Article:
Google Doodle celebrates the 70th anniversary of the Birch Bark Manuscript (Рукопись из бересты), a Soviet archeological expedition led by Artemiy Artsikhovsky uncovered the first old birch bark manuscript—a medieval letter inscribed with Old Russian text, on July 26, 2021. The present Google Doodle celebrates the 70th anniversary of this significant discovery that denoted a new chapter in Russian linguistics research and shed new light on the daily life of the Rus people in the Middle Ages.
Birch bark manuscripts (Рукописи из бересты) are documents written on pieces of the inner layer of birch bark, which was ordinarily used for writing before the advent of the mass production of paper. Proof of birch bark for writing goes back numerous hundreds of years and in different cultures.
A Soviet expedition led by Artemiy Artsikhovsky tracked down the first Russian birch bark writing in a layer dated to c. 1400. From that point forward, more than 1,000 comparative documents were found in Staraya Russa, Smolensk, Torzhok, Pskov, Tver, Moscow, Ryazan, and Vologda, even though Novgorod stays by far the most prolific source of them. In Ukraine, birch bark documents were found in Zvenyhorod, Volynia. In Belarus, a few documents were uncovered in Vitebsk and Mstislavl.
Dated to the 14th century, the manuscript was found in a district near Red Square by a team of the Russian Academy of Sciences who dug 13 feet down. They recovered many objects that give new data about life in Moscow in the Middle Ages.
The oldest dated birch bark manuscripts (Рукописи из бересты) are various Gandhāran Buddhist texts from around the first century CE, which are believed to have been made in Afghanistan, likely by the Dharmaguptaka sect. Translations of the texts, generally in Kharoṣṭhī, have produced the earliest known versions of huge Buddhist sacred scriptures, including a Dhammapada, talks of Buddha that incorporates the Rhinoceros Sutra, Avadanas and Abhidharma texts.
Sanskrit birch bark manuscripts composed with Brahmi script have been dated to the first few centuries CE. A few early Sanskrit journalists, like Kālidāsa (c. fourth century CE), Sushruta (c. third century CE), and Varāhamihira (sixth century CE) notice the utilization of birch bark for manuscripts. The bark of Betula utilis (Himalayan Birch) is as yet used today in India and Nepal for writing sacred mantras.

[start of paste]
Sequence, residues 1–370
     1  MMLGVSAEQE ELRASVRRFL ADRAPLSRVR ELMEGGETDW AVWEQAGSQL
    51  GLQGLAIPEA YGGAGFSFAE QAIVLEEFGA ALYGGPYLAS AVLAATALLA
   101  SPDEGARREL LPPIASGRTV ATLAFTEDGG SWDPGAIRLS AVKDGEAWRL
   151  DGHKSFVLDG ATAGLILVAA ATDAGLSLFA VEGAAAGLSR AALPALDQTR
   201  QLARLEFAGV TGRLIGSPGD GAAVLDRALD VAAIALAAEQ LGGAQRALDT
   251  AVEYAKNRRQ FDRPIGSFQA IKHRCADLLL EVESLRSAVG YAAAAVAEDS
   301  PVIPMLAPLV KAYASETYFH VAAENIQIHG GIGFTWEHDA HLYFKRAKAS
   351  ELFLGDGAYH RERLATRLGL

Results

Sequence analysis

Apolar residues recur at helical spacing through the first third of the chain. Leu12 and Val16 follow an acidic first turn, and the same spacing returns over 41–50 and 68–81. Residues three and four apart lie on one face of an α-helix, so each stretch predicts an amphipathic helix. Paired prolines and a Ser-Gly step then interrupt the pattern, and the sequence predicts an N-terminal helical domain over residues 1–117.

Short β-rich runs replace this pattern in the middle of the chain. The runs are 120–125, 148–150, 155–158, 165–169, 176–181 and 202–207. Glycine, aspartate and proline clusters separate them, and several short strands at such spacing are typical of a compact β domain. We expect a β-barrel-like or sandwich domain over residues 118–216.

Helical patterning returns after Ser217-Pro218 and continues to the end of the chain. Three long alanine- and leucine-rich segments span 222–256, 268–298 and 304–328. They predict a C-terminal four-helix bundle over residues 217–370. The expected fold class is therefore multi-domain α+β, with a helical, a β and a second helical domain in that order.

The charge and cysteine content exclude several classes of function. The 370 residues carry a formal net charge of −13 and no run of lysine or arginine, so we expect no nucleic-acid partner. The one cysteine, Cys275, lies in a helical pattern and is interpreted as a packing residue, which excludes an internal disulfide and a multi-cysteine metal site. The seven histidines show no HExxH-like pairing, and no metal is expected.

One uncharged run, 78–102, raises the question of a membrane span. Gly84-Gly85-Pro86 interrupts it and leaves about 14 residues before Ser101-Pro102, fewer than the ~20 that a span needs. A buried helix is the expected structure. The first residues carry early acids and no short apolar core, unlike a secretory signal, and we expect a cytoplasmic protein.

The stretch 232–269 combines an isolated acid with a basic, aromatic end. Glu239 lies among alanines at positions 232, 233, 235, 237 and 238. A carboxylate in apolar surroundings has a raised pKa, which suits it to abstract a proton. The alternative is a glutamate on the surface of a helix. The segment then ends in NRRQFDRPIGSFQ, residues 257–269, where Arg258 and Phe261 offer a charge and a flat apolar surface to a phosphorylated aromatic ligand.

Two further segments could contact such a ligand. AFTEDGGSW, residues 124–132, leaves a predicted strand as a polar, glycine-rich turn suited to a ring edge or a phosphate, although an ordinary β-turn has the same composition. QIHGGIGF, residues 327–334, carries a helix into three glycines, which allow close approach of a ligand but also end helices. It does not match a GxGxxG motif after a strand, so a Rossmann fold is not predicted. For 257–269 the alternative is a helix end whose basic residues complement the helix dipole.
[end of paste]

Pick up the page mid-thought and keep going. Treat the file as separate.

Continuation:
Russian texts found in Veliky Novgorod have been dated to around the ninth to fifteenth century CE. A large portion of those documents are letters written by different individuals in the Old Novgorod language.
The Irish language’s native writing system Ogham, sometimes called the “tree alphabet”, was figuratively created by Ogma who prescribed birch to Lugh, warning him; the text of this proscription can be found in the Book of Ballymote. The first letter of Ogham is beith; beithe signifies “birch”.
Found in Veliky Novgorod—one of Russia’s oldest cities around 120 miles from St. Petersburg—the birch bark manuscript (Рукопись из бересты) uncovered in 1951 contains a brief list of working assignments addressed to a nearby worker. This breakthrough discovery proved to be only the tip of the iceberg, as more than 1,000 manuscripts have been found across Russia since—some dating back to the 11th century!
Before the 1951 excavation, historians generally depended on old Russian archives to color in the grey areas of medieval history, yet these records didn’t delineate the minutiae of everyday life. Birch bark writings filled these gaps with fantastic detail, chronicling accounts from children to high-ranking officials. Because of these artifacts, researchers presently believe old Russians had a lot higher rate of literacy than previously thought and have found a new Old Russian language.
On July 26, 2021, Google featured Doodle on its homepage for celebrating 70th Anniversary of the Birch Bark Manuscript (Рукопись из бересты).
Today, specialists estimate a huge number of birch bark writings stay under Russian soil.